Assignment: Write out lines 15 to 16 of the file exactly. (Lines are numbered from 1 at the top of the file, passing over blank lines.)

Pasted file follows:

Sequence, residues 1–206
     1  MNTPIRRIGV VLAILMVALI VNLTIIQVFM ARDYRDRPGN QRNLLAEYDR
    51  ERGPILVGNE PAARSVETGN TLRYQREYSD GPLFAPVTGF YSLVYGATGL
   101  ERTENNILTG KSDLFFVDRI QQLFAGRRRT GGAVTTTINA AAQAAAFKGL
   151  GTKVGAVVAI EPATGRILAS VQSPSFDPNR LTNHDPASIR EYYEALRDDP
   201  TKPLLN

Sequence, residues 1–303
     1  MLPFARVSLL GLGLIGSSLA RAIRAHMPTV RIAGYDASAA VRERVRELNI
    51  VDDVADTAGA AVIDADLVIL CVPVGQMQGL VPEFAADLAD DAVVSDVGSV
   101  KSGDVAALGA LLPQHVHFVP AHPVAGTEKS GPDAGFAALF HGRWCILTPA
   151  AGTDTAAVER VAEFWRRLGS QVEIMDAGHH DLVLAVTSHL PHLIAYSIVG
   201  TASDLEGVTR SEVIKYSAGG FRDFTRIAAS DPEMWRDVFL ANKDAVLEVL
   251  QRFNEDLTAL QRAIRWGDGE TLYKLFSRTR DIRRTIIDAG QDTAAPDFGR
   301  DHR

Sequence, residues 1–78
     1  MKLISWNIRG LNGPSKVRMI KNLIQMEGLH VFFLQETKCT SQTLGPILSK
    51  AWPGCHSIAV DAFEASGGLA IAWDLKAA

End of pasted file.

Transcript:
Sequence, residues 1–78
     1  MKLISWNIRG LNGPSKVRMI KNLIQMEGLH VFFLQETKCT SQTLGPILSK